The authors feel while algorithms and supercomputers can give answers, they are likely to be most definitive on relatively small questions. “The bigger and broader the inquiry, the more likely that human synthesis will be central to problem solving, because machines, though they learn rapidly, provide many pieces without assembling the puzzle. That process of assembly and synthesis can be messy and slow, placing a fresh premium on the senior leaders’ ability to tolerate ambiguity,” they warn.
The report suggests that in such a scenario, it is essential for digitally-oriented managers to adopt a wide range of A/B testing to ascertain what does and does not appeal to users or customers online. Such a process will increasingly hold sway as computers gain power, with fully fledged plans of action giving way to proof-of-concept (POC) ones. And this process will increasingly enable companies to proceed without knowing exactly where they’re going.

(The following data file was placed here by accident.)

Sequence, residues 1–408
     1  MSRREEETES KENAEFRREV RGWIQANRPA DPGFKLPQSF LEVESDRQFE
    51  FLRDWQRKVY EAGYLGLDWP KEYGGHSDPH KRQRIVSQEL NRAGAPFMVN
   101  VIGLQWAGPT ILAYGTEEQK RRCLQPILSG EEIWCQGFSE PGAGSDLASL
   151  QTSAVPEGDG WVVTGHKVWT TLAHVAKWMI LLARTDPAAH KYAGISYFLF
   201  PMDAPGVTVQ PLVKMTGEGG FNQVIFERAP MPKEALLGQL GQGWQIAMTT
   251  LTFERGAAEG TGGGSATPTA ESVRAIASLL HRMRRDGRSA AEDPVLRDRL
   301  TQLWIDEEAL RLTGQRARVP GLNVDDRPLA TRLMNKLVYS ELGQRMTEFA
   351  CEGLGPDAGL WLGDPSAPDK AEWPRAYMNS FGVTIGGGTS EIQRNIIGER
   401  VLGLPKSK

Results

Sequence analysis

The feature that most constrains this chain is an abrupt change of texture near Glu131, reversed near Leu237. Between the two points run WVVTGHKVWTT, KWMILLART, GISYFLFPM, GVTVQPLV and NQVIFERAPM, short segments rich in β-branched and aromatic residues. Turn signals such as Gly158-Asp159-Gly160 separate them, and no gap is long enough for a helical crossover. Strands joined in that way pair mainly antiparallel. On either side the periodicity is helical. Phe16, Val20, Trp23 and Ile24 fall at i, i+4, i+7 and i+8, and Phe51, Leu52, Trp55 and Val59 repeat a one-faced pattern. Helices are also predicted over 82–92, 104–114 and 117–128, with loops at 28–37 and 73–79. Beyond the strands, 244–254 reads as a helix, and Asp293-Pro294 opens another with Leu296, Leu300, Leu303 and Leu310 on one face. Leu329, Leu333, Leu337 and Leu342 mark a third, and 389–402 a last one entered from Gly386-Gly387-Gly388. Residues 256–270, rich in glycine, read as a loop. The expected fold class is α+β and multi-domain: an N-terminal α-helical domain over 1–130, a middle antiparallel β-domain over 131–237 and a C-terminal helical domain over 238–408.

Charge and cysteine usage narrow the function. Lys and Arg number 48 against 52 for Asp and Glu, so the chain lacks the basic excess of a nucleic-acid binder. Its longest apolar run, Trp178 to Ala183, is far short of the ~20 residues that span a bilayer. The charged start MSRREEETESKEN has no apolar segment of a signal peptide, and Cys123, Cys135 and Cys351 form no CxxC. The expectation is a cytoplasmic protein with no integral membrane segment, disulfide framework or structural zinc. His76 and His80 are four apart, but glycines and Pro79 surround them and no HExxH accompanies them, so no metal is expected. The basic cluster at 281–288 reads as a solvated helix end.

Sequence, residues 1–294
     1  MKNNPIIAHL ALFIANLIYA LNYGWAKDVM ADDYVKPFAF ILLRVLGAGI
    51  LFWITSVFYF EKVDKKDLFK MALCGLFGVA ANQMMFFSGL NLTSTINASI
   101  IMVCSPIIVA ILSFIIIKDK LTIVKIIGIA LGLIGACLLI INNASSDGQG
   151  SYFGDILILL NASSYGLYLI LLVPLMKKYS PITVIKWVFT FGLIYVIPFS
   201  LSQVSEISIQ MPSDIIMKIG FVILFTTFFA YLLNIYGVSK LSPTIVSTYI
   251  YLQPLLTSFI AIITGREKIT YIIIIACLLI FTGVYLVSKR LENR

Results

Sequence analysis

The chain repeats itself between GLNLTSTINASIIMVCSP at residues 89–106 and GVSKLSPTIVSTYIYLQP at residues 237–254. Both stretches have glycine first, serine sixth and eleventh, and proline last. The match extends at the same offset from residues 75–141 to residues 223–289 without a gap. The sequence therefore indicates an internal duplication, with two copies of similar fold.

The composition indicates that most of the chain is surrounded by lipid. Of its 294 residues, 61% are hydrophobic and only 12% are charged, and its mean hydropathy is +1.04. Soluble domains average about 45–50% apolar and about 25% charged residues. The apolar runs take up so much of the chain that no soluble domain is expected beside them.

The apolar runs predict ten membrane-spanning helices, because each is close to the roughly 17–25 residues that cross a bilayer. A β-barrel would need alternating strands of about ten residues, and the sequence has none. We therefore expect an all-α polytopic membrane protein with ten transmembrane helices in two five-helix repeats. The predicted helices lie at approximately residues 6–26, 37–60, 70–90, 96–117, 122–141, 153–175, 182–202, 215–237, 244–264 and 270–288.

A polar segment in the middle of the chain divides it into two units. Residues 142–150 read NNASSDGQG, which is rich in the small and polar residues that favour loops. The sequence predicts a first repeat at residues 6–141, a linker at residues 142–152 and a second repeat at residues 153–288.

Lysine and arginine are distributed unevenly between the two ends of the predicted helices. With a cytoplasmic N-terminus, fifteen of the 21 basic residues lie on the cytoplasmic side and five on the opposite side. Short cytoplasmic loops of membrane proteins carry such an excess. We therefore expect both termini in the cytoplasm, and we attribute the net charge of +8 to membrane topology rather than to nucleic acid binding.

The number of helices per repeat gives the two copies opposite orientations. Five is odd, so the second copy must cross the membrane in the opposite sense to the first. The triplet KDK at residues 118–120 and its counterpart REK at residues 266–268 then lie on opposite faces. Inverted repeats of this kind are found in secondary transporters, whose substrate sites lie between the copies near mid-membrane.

The authors maintain that sometimes machines will provide invaluable input, but translating this insight into messages that resonate with organizations will require a human touch. “No computer will ever manage by walking around. And no effective executive will try to galvanize action by saying, ‘we’re doing this because an algorithm told us to’. Indeed, the contextualization of small-scale machine-made decisions is likely to become an important component of tomorrow’s leadership tool kit….we’re firmly convinced that simultaneous growth in the importance of softer management skills and technology savvy will boost the complexity and richness of the senior-executive role,” they conclude.